With 4 minutes and 5 seconds left in the 3rd quarter, the Atlanta Hawks looked to be heading toward their fourth consecutive defeat. The Dallas Mavericks held a decisive, 17-point edge on the scoreboard at 70-53, and there was little in the way of life for Atlanta. However, the tide turned in a hurry in Philips Arena, and the team escaped with a wild, 88-87 victory.
By the end of the 3rd quarter, the Hawks had cut the 17-point lead down to just 11, and they were just getting started. Atlanta used a 24-12 outburst in the final quarter to grab the lead, but they waited until their final offensive possession of the night in order to take their first lead since the first quarter.
With the Hawks trailing 87-83 with under 90 seconds remaining, power forward Paul Millsap found himself wide-open at the top of the key, and he was able to convert a crucial 3-pointer to cut the deficit to one at the 1:16 mark. From there, the Hawks generated consecutive defensive stops, setting the stage for the final surge. With 4 seconds remaining, Al Horford knocked down a contested 19-foot jumper to take the lead, and when Vince Carter’s final-second three went begging, Atlanta was victorious.
For Horford, it was a fantastic ending to what was an up and down game. The big man generated a not unusual double-double with 17 points and 12 rebounds in just over 37 minutes of game action, but there were a few uncharacteristic decision-making issues for Horford in this spot. Al committed a team-high 6 turnovers on the night, seeing some of his normally reliable passes go begging, but when the chips were in the middle, he came up big with a game-winner.
Jeff Teague led the way in scoring with 25 points (on 8-of-14 shooting), and his ability to get to the free throw line repeatedly was huge for Atlanta. The point guard shot 9-of-11 from the charity stripe in the game, leading the way for what a wholesale change in the second half that saw the Hawks attempt 24 free throws as a unit. With those 24 attempts (and 20 makes), Atlanta was able to climb back into the game on a step-by-step basis, and that type of efficiency was key.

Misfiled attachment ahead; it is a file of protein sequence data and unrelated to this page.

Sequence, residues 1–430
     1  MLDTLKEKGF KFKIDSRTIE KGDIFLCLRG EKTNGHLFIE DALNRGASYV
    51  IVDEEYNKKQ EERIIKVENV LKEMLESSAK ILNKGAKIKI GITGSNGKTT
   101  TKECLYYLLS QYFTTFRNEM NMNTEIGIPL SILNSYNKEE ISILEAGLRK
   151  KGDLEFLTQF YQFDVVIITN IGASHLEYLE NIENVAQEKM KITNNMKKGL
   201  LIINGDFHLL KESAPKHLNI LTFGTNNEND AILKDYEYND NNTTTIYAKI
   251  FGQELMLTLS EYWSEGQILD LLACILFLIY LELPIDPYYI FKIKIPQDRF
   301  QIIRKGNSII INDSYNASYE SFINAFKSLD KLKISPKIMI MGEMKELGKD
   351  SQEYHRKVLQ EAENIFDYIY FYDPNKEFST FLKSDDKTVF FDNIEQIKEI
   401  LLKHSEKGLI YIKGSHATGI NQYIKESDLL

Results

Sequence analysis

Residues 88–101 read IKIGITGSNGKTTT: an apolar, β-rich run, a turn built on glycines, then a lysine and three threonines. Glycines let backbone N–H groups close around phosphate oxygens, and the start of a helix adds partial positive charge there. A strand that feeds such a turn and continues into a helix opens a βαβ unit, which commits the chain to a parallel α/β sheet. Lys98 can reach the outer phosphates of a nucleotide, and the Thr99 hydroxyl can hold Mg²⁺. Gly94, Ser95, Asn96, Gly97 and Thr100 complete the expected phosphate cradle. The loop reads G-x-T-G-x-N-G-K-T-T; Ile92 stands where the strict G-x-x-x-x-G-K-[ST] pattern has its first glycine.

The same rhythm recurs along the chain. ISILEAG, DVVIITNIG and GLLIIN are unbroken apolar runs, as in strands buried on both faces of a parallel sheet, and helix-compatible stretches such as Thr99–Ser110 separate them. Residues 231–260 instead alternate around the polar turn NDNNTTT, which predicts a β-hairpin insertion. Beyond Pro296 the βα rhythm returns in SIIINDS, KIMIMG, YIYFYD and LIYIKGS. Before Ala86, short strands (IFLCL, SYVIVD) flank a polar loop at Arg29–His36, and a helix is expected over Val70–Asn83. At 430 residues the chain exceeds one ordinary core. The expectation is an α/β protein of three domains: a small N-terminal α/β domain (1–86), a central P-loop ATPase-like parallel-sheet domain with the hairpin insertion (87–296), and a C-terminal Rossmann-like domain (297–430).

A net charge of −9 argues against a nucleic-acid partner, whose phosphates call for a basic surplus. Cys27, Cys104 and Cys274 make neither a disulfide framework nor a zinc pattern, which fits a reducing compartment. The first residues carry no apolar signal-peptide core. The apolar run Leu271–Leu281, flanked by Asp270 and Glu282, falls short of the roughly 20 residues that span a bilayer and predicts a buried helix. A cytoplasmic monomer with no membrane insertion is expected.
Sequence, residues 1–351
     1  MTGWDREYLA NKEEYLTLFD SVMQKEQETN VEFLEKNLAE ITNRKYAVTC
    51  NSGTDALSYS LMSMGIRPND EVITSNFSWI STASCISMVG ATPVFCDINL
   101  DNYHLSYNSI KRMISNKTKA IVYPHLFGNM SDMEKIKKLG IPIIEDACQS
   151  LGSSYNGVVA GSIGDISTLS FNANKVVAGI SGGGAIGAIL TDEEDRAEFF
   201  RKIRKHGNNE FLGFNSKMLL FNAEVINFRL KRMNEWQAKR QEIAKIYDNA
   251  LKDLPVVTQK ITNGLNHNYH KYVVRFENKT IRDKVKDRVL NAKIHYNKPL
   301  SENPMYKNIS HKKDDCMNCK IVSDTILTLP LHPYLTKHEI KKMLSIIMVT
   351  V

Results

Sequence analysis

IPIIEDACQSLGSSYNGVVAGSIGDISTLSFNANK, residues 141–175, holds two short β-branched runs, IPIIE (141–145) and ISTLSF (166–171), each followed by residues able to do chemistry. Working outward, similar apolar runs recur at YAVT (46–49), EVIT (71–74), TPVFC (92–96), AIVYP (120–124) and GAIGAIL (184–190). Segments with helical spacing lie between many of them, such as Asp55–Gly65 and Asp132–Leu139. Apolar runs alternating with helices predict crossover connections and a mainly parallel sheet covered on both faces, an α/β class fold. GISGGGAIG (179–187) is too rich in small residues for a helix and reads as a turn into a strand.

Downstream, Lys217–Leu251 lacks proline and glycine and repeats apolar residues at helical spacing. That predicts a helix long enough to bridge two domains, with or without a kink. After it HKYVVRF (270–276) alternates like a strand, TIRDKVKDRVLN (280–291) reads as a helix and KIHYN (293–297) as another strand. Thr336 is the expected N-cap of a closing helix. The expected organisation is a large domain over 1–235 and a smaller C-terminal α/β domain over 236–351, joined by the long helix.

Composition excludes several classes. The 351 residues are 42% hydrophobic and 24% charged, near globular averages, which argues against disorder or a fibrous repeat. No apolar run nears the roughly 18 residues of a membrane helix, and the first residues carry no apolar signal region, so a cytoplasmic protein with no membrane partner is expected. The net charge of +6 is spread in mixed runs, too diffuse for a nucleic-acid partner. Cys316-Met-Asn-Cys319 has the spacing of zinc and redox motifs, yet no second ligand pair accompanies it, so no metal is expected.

Defensively, the Hawks turned up the energy level in the second half, and Coach Budenholzer was quick to credit that side of the ball as the main impetus toward the win. Dallas began the night by shooting 6-for-6 from three, but from there, the visitors struggled from beyond the arc (they went 3 for their last 18), and the way in which the defense flew around in the second half was noteworthy. Holding a team like Dallas (with a top-10 offense) to just 12 points in the 4th quarter is huge, and that’s a more than encouraging sign for the team moving forward.
On the periphery, several members of the Hawks had solid outputs. Lou Williams, who received his first start of the season, contributed a season-high 12 points in just under 25 minutes, and Paul Millsap added 15 points, 6 rebounds, 4 assists, and 3 steals in addition to his enormous three-pointer in crunch time. The bench struggled a bit for Atlanta, shooting a combined 4 for 17, but Elton Brand was big in his 11 minutes (grabbing 5 rebounds) and Shelvin Mack was a steadying influence throughout his time in the second half.
I would be remiss to not include that an early exit from Jose Calderon (the Mavs’ starting point guard) seemed to help greatly. The veteran left the game as a result of a right ankle injury after just 25 minutes of game action, and his hot shooting (4 for 7 from 3-point land) was a nuisance to the Hawks, especially in the 1st half. In addition, his timely exit was a non-coincidental sea change for Jeff Teague, who was able to roam free against the likes of Monta Ellis, Shane Larkin, and Gal Mekel.
The final shooting numbers for the Hawks (42.5% FG, 20% from 3) leave a lot to be desired, but that is even more encouraging when accepting the fact that the home team was able to steal a victory. After a brutal, 3-game stretch, this was an enormous win for the Hawks, especially given the fact that they will be traveling to Washington for a game with the Wizards on Saturday.
Sometimes, all that matters is the final score.